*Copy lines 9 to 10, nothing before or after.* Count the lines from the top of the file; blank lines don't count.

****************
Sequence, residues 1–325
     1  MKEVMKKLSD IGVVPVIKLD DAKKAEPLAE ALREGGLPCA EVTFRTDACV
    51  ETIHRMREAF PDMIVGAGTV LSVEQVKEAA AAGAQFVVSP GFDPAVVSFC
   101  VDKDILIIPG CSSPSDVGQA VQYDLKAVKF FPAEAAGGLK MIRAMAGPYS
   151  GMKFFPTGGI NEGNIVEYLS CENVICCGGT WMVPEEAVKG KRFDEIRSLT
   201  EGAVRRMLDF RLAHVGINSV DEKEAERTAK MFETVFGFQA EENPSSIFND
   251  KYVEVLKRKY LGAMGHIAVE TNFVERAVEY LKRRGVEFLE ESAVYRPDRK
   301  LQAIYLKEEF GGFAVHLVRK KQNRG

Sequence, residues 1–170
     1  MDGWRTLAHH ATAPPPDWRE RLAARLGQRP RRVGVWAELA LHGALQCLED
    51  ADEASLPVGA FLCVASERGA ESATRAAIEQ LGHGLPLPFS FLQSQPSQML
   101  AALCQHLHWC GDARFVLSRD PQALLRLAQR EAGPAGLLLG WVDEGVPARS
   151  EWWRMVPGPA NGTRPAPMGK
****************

Sequence, residues 1–170
     1  MDGWRTLAHH ATAPPPDWRE RLAARLGQRP RRVGVWAELA LHGALQCLED